Fancy-dress astronaut runs to the moon

March 24 2021

A KINGSWOOD dad is running the distance to the moon and back dressed as an astronaut to raise money for charities whose work helped save his and his son’s life.

Merv Lawrence is leading a team of Moontrekkers

Merv Lawrence, 38, has assembled a team of nearly 100 Moontrekker participants to help him achieve the mileage between now and August by running, walking or cycling.

Many of the other fundraisers are dressing up to run too – including as Woody, Rex and Mr Potato Head from Toy Story – to bring a smile to youngsters on the streets of Kingswood and beyond as they clock up their miles.

Merv, a builder, said: “The idea was inspired by my wife, Beccy. When she puts the kids to bed she always says, ‘I love you to the moon and back.’”

While home schooling his older sons, Charlie, nine, and Lenny, seven, while Beacon Rise primary school was closed in the most recent lockdown, he got them to work out exactly how far that would be.

He said: “The real distance to the moon and back is 477,710 miles which is a bit more than I can sensibly manage. But I thought if I make one mile on Earth the equivalent of 50 miles in space, then it’s still a big, but doable, challenge.”

Despite not running regularly before, he plans to run at least 2,000 of the 9,554 miles himself, all while wearing his spacesuit.

He is even building himself a ‘rocket bike’ to keep the theme going when he is out cycling.

Merv hopes to raise in excess of £10,000, to split between four charities close to his heart.

He has chosen the British Heart Foundation because youngest son Teddy, two, was born at Southmead Hospital with a life-threatening heart condition called ventricular septal defect.

Holes between the lower chambers of Teddy’s heart were preventing the normal flow of blood to his lungs and making it difficult for him to breathe.

Teddy has endured open heart surgery, has to be fed by tube and suffers breathing and sleeping difficulties. He is due more surgery at Bristol Children’s Hospital this year and will continue needing surgery until he is six.

Now he’s old enough to talk, his condition has become more heartbreaking for his parents because Teddy can verbalise that he doesn’t want treatments or his feeding tube changed.

Merv said: “It’s very tough to see what Teddy has to face every day. But he’s very active and loves playing with his brothers.”

The Aplastic Anaemia Trust has also been important in Merv’s life, after he developed the rare life-threatening auto-immune disease 15 years ago. He was diagnosed while serving in the Army after suffering dizziness, bruising and bleeding gums. Aplastic anaemia meant his bone marrow was no longer producing sufficient red blood cells. Blood transfusions to kickstart his immune system were unsuccessful and Merv was told he had just nine months to live if a bone marrow donor match wasn’t found.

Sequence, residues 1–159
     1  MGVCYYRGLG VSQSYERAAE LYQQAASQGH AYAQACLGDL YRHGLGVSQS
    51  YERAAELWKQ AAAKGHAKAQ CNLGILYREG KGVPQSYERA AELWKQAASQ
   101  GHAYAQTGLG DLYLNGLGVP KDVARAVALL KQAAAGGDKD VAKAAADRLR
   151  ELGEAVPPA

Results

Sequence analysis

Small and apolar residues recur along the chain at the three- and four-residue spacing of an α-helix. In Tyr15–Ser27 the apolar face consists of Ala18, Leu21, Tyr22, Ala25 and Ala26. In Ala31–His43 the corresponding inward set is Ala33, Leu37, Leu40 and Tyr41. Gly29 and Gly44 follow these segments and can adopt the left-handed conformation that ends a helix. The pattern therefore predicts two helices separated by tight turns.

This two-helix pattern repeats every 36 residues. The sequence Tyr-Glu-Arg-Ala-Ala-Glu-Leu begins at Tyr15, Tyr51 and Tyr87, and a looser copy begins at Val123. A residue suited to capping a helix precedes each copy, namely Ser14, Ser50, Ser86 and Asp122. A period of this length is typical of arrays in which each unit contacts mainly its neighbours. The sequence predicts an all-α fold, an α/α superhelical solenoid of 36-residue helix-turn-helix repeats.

He said: “I thought I was invincible, like Rambo. My world just fell in. Even if they found a match, there was no guarantee that the transplant would work.”

Luckily a bone marrow donor was found within six months and the transplant was successful. 

Merv said: “After the operation I was lucky enough to be able to write to my donor.

“I told him that he should be proud for the rest of his life of the selfless act he had done. And I promised him that I would spend the rest of my life working hard and putting my life to good use.”

Merv was medically discharged from the army, married Beccy, who is now 37, and started a family.

Another quarter of the funds raised will go to Clevedon-based youth engagement charity the Jack Hazeldine Foundation. Merv wanted to choose one local charity and, as a dad to three sons, wanted other young boys to benefit from working with mentors if they don’t have strong role models in their home lives.

The final charity that will benefit is the neonatal and stillbirth charity Sands, because of the time that Teddy spent in the Neonatal Intensive Care Unit when he was born. Merv also has bereaved friends who have been supported by the charity.

Merv, who has lived in Kingswood for the past seven years, said: “My family and I have had so much good fortune, so this is my way of giving back."

Friends from across the UK and as far away as Australia have joined in the Moontrekkers challenge, pledging to run, walk, cycle or swim their own miles to fundraise.

To donate to Merv’s fundraising efforts or to join in the challenge visit